TMS RamSan Bootable PCIe Flash Storage System Announced
Bootable PCIe cards alleviate need for hard disk drives in arrays.
Texas Memory Systems (TMS) announced that its RamSan PCIe storage systems, including RamSan-70 products, are now bootable storage devices.
Typically, all-flash arrays must use disk interfaces or RAID controllers to boot up. TMS is using a firmware feature that allows most common servers to load operating systems directly from a RamSan PCIe flash storage system.
Launched in 2011, the RamSan-70 has from 450GB to 900GB of capacity and features Toshiba's newest 32-nanometer single-level cell (SLC) NAND flash chips. It represents a 15% to 20% reduction in price-per-gigabyte over TMS's former PCIe card, the RamSan 10 and 20.
Last month, SanDisk also announced a PCIe flash card that could be configured as a bootable device. SanDisk's Lightning PCIe Solid State Accelerator (SSA) cards are being marketed for use in workstations and servers to provide an I/O performance boost for frequently used data and applications.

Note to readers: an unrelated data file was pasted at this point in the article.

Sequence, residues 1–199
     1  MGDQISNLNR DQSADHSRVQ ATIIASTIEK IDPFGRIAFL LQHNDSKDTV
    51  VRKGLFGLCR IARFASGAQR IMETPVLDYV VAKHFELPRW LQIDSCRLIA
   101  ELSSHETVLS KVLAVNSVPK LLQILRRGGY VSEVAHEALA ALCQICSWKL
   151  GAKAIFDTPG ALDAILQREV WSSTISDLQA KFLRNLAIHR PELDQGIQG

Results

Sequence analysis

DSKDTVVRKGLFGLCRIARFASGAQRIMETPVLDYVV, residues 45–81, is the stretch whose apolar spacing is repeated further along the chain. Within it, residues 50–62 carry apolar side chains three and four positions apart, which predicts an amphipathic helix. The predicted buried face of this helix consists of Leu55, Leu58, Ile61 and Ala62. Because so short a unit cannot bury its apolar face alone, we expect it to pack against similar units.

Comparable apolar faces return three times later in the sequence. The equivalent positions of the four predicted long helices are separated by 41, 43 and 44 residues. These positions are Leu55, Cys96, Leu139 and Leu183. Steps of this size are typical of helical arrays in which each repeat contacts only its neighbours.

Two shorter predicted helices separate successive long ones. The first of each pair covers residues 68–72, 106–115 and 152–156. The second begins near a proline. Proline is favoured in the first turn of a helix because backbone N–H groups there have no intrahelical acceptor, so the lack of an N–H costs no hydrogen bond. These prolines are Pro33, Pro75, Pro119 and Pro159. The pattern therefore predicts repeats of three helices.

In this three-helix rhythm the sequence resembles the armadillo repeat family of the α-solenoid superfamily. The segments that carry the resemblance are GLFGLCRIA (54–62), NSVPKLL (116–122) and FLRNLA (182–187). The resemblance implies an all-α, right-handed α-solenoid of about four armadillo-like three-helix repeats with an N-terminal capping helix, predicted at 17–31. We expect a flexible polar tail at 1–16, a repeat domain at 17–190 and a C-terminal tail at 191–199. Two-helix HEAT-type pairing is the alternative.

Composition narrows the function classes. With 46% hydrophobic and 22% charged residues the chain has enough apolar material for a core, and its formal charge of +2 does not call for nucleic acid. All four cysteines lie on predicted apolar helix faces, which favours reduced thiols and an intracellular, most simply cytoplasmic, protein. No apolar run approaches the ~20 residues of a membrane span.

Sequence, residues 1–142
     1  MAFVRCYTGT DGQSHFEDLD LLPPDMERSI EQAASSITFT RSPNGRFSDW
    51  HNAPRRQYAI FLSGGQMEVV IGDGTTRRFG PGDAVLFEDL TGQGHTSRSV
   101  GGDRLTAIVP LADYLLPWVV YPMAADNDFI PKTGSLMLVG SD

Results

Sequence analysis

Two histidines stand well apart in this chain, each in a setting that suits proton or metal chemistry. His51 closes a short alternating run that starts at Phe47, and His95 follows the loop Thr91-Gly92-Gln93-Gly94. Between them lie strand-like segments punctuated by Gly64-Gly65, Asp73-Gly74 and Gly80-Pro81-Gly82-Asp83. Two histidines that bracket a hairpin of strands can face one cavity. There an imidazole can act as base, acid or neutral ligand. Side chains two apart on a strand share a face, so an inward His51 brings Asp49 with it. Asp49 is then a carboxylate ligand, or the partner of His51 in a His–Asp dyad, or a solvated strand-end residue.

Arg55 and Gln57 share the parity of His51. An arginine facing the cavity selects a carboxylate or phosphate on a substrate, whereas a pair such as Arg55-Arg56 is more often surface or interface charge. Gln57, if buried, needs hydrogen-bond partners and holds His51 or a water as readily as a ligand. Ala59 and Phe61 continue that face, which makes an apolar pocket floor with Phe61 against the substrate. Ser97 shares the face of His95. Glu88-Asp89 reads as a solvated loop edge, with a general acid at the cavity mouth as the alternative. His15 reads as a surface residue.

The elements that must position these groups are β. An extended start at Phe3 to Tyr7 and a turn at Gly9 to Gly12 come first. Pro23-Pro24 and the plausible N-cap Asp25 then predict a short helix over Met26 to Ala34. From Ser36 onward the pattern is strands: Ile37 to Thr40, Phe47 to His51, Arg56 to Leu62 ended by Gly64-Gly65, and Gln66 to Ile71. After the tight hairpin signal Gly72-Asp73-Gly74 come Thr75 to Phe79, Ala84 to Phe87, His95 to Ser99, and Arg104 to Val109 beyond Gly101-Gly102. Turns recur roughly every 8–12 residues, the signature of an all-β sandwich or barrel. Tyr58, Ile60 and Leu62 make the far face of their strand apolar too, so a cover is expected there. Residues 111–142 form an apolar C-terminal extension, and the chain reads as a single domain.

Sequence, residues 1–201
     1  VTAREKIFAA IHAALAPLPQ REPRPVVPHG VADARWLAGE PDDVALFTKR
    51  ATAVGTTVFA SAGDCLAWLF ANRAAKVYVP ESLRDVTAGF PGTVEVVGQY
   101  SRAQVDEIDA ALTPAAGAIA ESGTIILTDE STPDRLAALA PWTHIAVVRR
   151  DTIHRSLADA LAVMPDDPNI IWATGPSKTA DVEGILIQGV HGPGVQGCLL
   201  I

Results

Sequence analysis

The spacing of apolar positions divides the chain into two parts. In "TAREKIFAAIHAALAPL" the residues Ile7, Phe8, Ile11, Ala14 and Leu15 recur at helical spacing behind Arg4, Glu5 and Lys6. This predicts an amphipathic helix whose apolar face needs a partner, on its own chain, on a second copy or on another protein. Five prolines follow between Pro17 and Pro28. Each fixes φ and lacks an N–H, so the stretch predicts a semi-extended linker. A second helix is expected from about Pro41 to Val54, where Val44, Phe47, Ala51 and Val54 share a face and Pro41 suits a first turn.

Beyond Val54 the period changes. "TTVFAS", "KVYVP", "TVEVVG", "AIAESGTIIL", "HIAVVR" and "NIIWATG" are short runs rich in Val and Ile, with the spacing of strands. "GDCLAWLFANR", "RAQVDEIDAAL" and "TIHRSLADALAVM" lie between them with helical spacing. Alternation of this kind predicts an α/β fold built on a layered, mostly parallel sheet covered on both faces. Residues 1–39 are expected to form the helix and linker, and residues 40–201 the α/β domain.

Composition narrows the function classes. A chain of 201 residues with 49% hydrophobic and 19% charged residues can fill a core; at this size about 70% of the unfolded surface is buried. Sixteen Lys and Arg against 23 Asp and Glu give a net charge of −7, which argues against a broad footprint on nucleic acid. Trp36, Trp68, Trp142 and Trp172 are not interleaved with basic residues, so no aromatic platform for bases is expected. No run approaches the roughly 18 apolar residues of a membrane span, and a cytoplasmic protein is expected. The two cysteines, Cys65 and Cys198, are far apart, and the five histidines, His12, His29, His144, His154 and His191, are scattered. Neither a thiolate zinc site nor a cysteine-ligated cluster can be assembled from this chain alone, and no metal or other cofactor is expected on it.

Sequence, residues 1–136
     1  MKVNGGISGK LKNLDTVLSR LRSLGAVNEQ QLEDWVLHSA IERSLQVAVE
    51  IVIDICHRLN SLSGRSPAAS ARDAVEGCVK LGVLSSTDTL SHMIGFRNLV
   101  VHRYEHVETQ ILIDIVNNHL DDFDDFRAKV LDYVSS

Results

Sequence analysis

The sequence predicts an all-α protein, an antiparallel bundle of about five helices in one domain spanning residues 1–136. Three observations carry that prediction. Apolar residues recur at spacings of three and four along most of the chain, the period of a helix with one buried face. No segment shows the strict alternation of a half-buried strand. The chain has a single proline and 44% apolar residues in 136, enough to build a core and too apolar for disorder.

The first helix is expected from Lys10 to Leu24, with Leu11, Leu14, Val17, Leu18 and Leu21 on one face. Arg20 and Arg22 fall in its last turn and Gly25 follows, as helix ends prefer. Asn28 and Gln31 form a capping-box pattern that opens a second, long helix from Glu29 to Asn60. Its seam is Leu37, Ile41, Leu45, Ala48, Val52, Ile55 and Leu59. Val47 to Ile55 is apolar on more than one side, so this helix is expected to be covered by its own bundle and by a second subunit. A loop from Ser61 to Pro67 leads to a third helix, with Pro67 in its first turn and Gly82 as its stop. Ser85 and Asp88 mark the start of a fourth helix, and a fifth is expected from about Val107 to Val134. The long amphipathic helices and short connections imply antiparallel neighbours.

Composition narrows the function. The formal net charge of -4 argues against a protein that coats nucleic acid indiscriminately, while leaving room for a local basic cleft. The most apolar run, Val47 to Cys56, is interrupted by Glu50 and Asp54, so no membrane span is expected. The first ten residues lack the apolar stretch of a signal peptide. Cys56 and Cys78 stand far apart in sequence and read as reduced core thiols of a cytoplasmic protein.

RamSan-70 products are capable of 1.5 million I/Os per second (IOPS), 2.5 GBps of bandwidth, and 30-60 microsecond latency. Bootability is available with the purchase of all new RamSan-70 PCIe storage systems, or as a firmware update with no hardware replacement necessary for RamSan-70 PCIe storage customers.
"Customers have been enjoying industry-leading performance from our PCIe Flash storage systems for over three years, and now with this firmware upgrade, we can allow large-scale customers to simplify and consolidate everything around flash," TMS President Dan Scheel stated in a news release.
The bootable PCIe cards support 64-bit x86-compatible computers that implement Unified Extensible Firmware Interface (UEFI) 2.1 or later. Supported operating systems include most Linux distributions. Windows and VMware support is expected by the end of the quarter, TMS said.
Smaller servers are taking over data centers, but Intel believes the future is also bright for powerful big-iron servers, thanks to companies' embrace of machine learning, which requires a lot of horsepower to process complex algorithms and large data sets.
Dell is offering to helping cut business' reliance on Windows PC hardware with a new management appliance, which could serve up virtual Windows desktops to Chromebooks.
EMC will release its ViPR Controller storage automation and control software as an open-source project, letting third parties develop their own services and applications on top of it and possibly make ViPR work with more parts of enterprise storage environments.
SAP is deepening its partnership with Google and will collaborate with the search giant on new projects focused on business analytics and enterprise applications.